Music is made of groups, sub groups, splinter groups, and any other set defined by minute categorization. Within each there is an assortment of beliefs and ideas that often fall in conflict with another group. This butting of heads leads to contentious friction: pop versus classical music, hip-hop versus rock, and so on. While it is not outright war, little pricks and nudges imply lines in the sand.
Stephan Jay Gould bemoaned such conflicts between science and the humanities. What he found particularly troubling was that each camp had put grand schemes in the other side’s mouth. That is, as Gould implies,
“…the opposing camps were confected of extreme views held by virtually no one on either supposed side – whereas the actual, and more nuanced, opinions of sensible folks in both the ‘relativist’ (humanities) and ‘realist’ (science) contingents express important insights that could greatly benefit the understanding of practitioners in the other party…”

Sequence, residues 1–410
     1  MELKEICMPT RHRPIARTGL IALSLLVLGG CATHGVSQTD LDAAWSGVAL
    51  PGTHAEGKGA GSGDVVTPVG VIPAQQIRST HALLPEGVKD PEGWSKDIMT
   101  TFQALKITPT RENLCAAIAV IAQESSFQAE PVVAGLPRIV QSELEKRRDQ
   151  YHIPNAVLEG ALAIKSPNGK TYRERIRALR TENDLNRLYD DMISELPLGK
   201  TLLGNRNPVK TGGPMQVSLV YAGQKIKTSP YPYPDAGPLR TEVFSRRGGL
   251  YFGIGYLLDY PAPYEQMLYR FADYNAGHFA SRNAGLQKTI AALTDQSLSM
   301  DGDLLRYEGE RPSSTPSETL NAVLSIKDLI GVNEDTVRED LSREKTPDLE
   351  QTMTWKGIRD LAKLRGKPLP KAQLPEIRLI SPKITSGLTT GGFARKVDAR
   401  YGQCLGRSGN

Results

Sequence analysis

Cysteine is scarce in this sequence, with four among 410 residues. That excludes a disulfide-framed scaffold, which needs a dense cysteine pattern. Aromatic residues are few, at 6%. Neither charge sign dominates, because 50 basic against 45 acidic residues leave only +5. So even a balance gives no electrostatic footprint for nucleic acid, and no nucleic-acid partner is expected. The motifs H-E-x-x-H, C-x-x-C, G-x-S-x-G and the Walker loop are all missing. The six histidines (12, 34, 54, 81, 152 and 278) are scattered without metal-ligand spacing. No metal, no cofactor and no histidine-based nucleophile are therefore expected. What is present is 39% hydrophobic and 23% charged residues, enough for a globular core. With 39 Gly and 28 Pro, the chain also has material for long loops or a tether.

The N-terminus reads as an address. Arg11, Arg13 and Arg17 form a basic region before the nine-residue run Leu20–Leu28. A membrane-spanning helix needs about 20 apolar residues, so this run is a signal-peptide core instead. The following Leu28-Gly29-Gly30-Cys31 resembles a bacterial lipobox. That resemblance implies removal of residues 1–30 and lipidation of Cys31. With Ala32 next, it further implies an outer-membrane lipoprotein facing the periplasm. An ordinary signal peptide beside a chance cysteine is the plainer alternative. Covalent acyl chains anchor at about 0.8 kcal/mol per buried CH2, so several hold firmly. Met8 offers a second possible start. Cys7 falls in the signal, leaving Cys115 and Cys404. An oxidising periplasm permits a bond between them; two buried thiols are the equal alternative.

There is so much more nuance than is taken on face value. It is a lot easier to generalize than to take the time to understand how many layers make up a style of music or a musician. What Gould gets at is that these “extreme views” are concocted and not derived from an honest assessment:
“…if only the two groups would pay attention to each other, recognize the extreme caricatures as harmful fictions, and learn to appreciate the fair and just emphases of each group”
“Harmful fictions” is a poignant way to put it. Possibilities for collaboration and wider understanding in music are thwarted by feelings of superiority, inferiority, and fear. All of which is projected by said fictions. If we can show that these groups are fictions and that they are no replacement for sincere understanding, who knows what positive possibilities could spring forth.